In M. religiosa, courtship and mating are separated into two steps: Preliminary courtship begins with the first visual contact between the animals and ends with the first physical contact. Copulation begins with physical contact and ends when the spermatophore is deposited:
Only a few days after the final moult into adults, the animals begin to show interest in the opposite sex; this point is marked as the achievement of sexual maturity. Males have been observed to be most attracted to females during the middle of the day when the temperature is hottest. Theories are that the female pheromones are most volatile in the heat and that also the male, as a thermophilic insect, is most active.
Instead of just observing them, sexually mature males approach sexually mature females when they see them, but due to the physical superiority of the females, males of M. religiosa face certain challenges in doing so. When a female spots a male, she is very likely to attack and kill him (see also: Sexual cannibalism). Therefore, males can be observed to be very slow and cautious in their approach; after spotting a female, the male usually freezes and turns his head to look directly at her. Since the foveae in his eyes face directly forwards, he has the most accurate and detailed view of her and can watch every one of her moves. He then proceeds to approach her from behind. Males can be observed to stop as soon as the female turns her head or even moves. Mantids are very good at detecting moving structures, but are almost unable to see immobile objects. Using this ‘stop-and-go’ tactic, the male stalks closer to the female. This can often take several hours. Depending on the environment, males sometimes show a light ‘rocking’-behavior which is believed to imitate the leaves of surrounding plants to blend in with the background. Males doing this had no higher probability of being detected and attacked, which supports this hypothesis of concealment.
No mention of male or female courtship has been made in either the field or captivity. The male, in fact, does not win by display; he wins by the absence of display. Once the male is close enough to the female, he opens his wings a little to facilitate his jump on the female's back. As soon as he lands, he proceeds to hold on to her with his raptorial legs. His tibiae fit into a pair of grooves on either side of the female's mesothorax in front of her wing bases. When the male is in a secure position, copulation is initiated. The genitals, which are found on the end of the abdomen in both sexes, look quite different; the males possess a pair of asymmetrical claspers, while the females have an ovipositor. The ovipositor is rather short in comparison to other insects. It is covered by part by the edges of the last sternum. The abdomen of the male curves and twists in a 90° angle around the female's to insert the claspers between the ovipositor and the sternum. The abdomen of the male then contracts in a peristaltic manner. The animals can stay in this position for four to five hours before a spermatophore is deposited inside the female and the claspers are withdrawn. The male then lets go of the female to drop to the ground to get out of her reach for his own safety. After getting away about 50 cm, he stops and freezes for about four minutes before he leaves eventually.This behavior could be interpreted as necessary rest after the efforts of copulating in a safe distance from the female.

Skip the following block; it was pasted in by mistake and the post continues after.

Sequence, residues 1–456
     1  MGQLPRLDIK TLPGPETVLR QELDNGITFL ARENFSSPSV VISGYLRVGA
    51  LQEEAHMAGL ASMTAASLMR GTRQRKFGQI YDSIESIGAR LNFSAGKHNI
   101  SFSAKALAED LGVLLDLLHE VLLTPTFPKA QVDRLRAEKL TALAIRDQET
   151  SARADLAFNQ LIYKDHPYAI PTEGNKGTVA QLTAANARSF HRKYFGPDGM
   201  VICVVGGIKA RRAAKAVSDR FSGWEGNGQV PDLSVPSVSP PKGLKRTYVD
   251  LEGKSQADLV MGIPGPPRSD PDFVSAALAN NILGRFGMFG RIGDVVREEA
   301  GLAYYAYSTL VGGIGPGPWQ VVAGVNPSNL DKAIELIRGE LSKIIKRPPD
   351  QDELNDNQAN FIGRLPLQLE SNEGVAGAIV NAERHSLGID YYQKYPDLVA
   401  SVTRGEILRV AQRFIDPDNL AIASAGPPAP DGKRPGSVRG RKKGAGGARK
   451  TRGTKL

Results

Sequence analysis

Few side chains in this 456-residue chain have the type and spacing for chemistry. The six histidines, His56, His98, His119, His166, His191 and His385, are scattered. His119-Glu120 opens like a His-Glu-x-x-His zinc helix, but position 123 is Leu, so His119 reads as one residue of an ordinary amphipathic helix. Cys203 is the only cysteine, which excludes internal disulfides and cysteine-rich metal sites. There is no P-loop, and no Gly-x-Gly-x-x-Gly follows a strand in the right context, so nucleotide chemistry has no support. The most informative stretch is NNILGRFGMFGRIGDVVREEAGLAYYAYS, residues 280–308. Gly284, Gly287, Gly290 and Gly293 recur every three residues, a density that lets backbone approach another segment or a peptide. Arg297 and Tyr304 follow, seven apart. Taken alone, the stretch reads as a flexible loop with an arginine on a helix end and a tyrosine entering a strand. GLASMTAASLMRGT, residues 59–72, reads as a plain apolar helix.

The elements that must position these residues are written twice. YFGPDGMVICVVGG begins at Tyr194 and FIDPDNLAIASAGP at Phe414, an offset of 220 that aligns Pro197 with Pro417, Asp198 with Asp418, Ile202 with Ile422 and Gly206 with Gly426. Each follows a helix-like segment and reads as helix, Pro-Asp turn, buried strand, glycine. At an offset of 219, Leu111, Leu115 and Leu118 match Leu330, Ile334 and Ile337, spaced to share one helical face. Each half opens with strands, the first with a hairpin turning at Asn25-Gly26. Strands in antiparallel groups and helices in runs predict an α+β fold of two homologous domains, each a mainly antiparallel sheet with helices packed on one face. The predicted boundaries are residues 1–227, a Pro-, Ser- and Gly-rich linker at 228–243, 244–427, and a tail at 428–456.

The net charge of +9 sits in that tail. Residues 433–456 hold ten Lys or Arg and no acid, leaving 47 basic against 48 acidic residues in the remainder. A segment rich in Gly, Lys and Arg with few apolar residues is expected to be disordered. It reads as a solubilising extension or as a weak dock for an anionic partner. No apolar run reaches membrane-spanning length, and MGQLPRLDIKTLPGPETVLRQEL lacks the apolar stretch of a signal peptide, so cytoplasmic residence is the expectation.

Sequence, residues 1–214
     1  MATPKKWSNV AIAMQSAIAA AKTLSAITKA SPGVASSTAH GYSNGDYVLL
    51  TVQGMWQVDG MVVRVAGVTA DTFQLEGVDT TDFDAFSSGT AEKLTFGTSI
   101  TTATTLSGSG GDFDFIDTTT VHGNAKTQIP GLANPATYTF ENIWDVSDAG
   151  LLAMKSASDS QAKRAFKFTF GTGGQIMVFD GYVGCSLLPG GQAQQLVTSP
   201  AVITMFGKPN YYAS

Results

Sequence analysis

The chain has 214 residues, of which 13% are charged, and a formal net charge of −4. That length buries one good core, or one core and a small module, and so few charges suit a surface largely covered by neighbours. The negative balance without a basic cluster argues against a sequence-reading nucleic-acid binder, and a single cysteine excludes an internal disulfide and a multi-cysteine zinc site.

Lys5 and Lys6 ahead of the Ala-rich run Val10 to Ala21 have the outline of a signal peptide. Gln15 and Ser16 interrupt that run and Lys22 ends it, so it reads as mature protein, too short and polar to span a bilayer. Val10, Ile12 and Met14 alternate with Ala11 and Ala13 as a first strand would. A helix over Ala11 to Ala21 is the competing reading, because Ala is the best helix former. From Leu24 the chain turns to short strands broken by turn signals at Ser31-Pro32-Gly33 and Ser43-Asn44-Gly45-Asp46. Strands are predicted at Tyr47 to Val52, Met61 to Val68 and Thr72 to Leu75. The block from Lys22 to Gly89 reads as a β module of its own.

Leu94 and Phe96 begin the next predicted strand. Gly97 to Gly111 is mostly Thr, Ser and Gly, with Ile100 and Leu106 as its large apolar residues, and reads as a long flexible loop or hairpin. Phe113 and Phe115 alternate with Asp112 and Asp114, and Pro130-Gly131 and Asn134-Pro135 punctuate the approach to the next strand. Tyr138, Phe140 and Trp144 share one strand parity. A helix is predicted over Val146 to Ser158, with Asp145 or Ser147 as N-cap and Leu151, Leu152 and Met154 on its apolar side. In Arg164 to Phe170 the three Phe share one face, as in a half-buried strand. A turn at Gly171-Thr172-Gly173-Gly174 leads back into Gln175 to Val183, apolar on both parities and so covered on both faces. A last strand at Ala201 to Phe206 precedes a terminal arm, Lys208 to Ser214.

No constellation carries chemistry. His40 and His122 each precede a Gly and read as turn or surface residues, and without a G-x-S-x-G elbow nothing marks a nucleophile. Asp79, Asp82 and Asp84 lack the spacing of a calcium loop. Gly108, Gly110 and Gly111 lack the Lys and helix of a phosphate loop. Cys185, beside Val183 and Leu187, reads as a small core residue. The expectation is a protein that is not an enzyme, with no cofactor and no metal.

The intervals of oviposition after copulating depend on the food intake and the overall physical fitness of the female. On average, 11 days are needed for the female to form and deposit an ootheca, which contains around 100 to 200 eggs. Copulation usually takes place in September or October, but the eggs overwinter and the larva do not hatch until the following spring. Hatching is strongly influenced by environmental conditions such as temperature (at least 17 °C and humidity. Females prefer to deposit their eggs on solid substrates at warm and sunny sites. Most eggs from one ootheca hatch at the same time along the entire convex site, as worm-like prelarvae (L1). The hatchings always occur in the morning.
The L1 just exists for a very short time; the first moult happens on or very close to the ootheca. The now-emerging nymphs already look a lot like the adults, but are maybe a tenth of their size. Very few animals (about 10%) survive this first instar stage due to lack of appropriately sized food, low temperatures, or insufficient humidity.
The L2–L6 stages generally last about 14 days each. During this time, a growth around 6 mm per stadium can be observed. Each stadium is completed with a moult. The L7 develops a more compact shape. Wing pads become visible. L7 and L8 show the same growth rate and duration as the previous stadia. After the next moult, the adult animal emerges. It now has wings and is fully developed. While more than eight moults have never been observed in M. religiosa, females usually need one more moult than males under similar circumstances.
Closely related mantids have been reported to be larger than M. religiosa and require more moults (9–11). The fact that females need a longer time to develop and more moults might be due to the difference in size.